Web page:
Where a transfer is agreed, the timing of the prisoner's move will be subject to operational and security considerations in the sending and receiving jurisdictions.

Director of Transport's Annual Report

Lord Hardy of Wath asked Her Majesty's Government:

    If they will publish the 1996-97 Annual Report of the Director of Transport Security.

The Parliamentary Under-Secretary of State, Department of the Environment, Transport and the Regions (Baroness Hayman): Copies are available in the House Libraries.

Equestrian Establishments: Rating

Lord Rowallan asked Her Majesty's Government:

    Whether they will provide rating relief for riding schools, racecourses and other equestrian establishments.

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Baroness Hayman: Riding schools, racecourses and other equestrian establishments are subject to non-domestic rates to the same extent as property used by other businesses, sport and leisure interests. We see no case for treating them more favourably. However, we are currently reviewing the non-domestic rating system as part of our wider review of the local government finance system. In that context we will consider the extent to which certain property, including that of non-profit making sports clubs, should receive rate relief.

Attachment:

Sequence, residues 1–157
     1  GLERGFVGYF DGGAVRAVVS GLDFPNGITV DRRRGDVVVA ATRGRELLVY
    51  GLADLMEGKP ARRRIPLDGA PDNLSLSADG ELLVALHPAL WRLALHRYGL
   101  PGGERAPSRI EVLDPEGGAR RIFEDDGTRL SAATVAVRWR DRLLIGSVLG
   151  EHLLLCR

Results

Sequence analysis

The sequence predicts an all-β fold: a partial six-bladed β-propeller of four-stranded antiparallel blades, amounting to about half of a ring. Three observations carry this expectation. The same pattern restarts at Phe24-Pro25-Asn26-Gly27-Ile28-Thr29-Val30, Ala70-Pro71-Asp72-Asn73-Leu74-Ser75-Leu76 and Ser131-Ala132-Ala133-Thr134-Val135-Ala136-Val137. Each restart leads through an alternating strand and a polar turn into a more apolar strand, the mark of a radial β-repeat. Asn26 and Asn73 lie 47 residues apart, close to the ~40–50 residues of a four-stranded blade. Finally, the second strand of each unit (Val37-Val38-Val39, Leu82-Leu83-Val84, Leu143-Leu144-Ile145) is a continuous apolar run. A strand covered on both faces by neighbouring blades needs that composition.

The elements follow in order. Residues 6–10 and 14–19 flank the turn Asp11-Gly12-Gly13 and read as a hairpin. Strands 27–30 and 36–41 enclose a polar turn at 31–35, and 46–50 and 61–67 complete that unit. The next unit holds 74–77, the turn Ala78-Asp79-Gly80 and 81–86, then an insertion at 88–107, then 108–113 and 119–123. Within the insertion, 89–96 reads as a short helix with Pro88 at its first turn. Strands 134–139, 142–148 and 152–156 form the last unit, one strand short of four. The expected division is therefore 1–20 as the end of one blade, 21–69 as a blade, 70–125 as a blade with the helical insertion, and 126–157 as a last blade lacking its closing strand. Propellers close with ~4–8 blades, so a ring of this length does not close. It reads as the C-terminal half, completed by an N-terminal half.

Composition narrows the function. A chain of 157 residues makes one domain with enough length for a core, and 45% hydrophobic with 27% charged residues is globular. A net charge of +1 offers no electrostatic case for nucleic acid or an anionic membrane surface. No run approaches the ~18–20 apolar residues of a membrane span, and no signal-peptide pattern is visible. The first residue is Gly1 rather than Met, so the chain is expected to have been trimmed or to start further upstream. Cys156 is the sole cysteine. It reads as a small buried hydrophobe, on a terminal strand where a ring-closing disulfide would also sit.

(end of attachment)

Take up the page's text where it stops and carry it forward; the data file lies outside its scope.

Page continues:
The Earl of Mar and Kellie asked Her Majesty's Government:

    Whether they are considering the use of the shortly to be decommissioned "Canberra" as accommodation for homeless people after being moored in a city.

Baroness Hayman: We have not and are not considering such a use for the "Canberra". We have been advised that the vessel has been sold for scrap and is currently on its way to a breaker's yard in the Indian sub-continent.

Interest Rates

Baroness Miller of Hendon asked Her Majesty's Government:

    Whether they approve of the interest rate change made by the Bank of England on Thursday, 7 August 1997.

Lord McIntosh of Haringey: The Bank of England raised interest rates by a ¼ percentage point on 7 August. The Government are satisfied that the new monetary policy arrangements will deliver long-term price stability, and prevent a return to the cycle of boom and bust.